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Title: Development of small intestinal organoid cultures for the study of enteric pathogens
Author: Luu, L.
Awarding Body: University of Liverpool
Current Institution: University of Liverpool
Date of Award: 2017
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The gastrointestinal tract is the major route of entry for enteric pathogens. Current models are not suited for the study of early invasion which limits the use of systems biology approaches to study host-pathogen interactions. Therefore, there is a demand to develop a suitable model to study early-stage host-pathogen interactions. Recent developments in stem cell research have led to the establishment of "mini-gut" organoids that encapsulate the cellular diversity and structural arrangement of the small intestinal epithelium in vivo. Due to these features, they have been proposed as a promising tool for infection studies. Several aspects of organoid optimization are required before exploiting this model for infection. Firstly, recent works have demonstrated the amenability of organoid cultures to be driven toward Paneth or goblet cell phenotype for the study of specialized host defence functions. However this model requires further validation. Secondly, luminal access is restricted, and infection can only be established via microinjection of pathogens. Lastly, mass spectrometry approaches have not yet been validated for use in these models. This doctoral thesis addresses these issues by firstly validating the use of drug-skewed organoid models using quantitative label free mass spectrometry, and then by modifying cultures to establish differentiated and polarized murine epithelial monolayers with an accessible apical surface. This collagen-supported monolayer is exploited to study hostproteome changes during early infection with Toxoplasma gondii via quantitative label-free mass spectrometry. Label-free mass spectrometry of Paneth and goblet-enriched organoids detected unique organoid proteome profiles that reflect the phenotype of these subpopulations as expected in vivo, and demonstrate the suitability of mass spectrometry to study changes in protein abundance in this model. Here, we also identified a protein, DNAJC3, enriched within Paneth cells which may play a role in specialized cell function or differentiation. Modification of 3D organoid culture on collagen scaffolds has established a novel stem cell derived collagen-supported epithelial monolayer culture. Confocal microscopy demonstrated retention of differentiated features, such as the presence of Paneth and goblet cell subpopulations and apical polarization. Label-free mass spectrometry was used to detect the presence of intestinal epithelial cell markers in both 3D and collagen-supported epithelial sheets. The findings here demonstrate that many of the differentiated epithelial cell markers are detectable in the collagen-supported epithelial monolayer, and that this model can mimic the in vivo epithelial composition. A series of pilot studies and time-course infection studies were performed to establish a working protocol to exploit the collagen-supported epithelial sheet for infection studies. Quantitative label-free mass spectrometry was exploited to examine host-proteome changes in response to infection with two strains of Toxoplasma gondii; Veg (type III, avirulent) and RH (type I, virulent). In agreement with current literature, we observed modulation of proteins associated with host cell cycling, apoptosis and lipid metabolism. Interestingly, we observed a lag in parasite replication compared to reported observations in cell line cultures and an aggregative behavior along epithelial sheet perimeters previously not reported. The findings in this chapter demonstrate the suitability of this model for infection studies, and highlights some parasite behaviours that are not observed in cell line models.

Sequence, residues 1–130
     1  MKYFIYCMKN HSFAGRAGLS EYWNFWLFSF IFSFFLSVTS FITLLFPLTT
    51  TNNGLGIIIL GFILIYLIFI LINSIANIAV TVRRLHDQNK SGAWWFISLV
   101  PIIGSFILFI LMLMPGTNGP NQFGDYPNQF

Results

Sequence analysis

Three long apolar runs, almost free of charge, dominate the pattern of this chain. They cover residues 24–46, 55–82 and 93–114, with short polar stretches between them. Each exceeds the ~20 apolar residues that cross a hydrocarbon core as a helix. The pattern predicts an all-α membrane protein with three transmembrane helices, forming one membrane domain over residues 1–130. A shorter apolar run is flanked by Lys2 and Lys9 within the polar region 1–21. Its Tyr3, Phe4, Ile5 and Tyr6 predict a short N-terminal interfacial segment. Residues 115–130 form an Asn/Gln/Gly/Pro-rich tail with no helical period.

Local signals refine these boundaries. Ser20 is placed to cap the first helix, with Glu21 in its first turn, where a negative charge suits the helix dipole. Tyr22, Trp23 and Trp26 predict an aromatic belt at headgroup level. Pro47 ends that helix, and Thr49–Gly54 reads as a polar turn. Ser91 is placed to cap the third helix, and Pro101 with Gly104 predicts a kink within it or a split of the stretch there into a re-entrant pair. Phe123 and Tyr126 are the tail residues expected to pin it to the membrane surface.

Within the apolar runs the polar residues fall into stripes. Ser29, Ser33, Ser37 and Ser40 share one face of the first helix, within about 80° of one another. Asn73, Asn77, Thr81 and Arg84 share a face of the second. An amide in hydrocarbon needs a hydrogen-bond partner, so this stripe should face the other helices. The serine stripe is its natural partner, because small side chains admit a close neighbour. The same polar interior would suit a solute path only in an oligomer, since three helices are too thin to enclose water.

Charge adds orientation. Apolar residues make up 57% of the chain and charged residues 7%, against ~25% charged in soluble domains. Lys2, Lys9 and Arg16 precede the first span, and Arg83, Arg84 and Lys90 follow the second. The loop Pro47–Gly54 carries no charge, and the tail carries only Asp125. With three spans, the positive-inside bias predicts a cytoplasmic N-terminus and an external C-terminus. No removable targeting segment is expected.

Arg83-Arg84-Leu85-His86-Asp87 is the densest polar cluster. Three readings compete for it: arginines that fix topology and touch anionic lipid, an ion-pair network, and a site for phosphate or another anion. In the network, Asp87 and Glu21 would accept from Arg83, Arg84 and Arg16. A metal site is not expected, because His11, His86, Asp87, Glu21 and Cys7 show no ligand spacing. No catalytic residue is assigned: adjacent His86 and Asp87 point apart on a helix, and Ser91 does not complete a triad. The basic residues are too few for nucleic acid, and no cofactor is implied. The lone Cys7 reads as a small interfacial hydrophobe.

Supervisor: Coombes, Janine ; Wastling, Jonathan ; Wigley, Paul Sponsor: Not available
Qualification Name: Thesis (Ph.D.) Qualification Level: Doctoral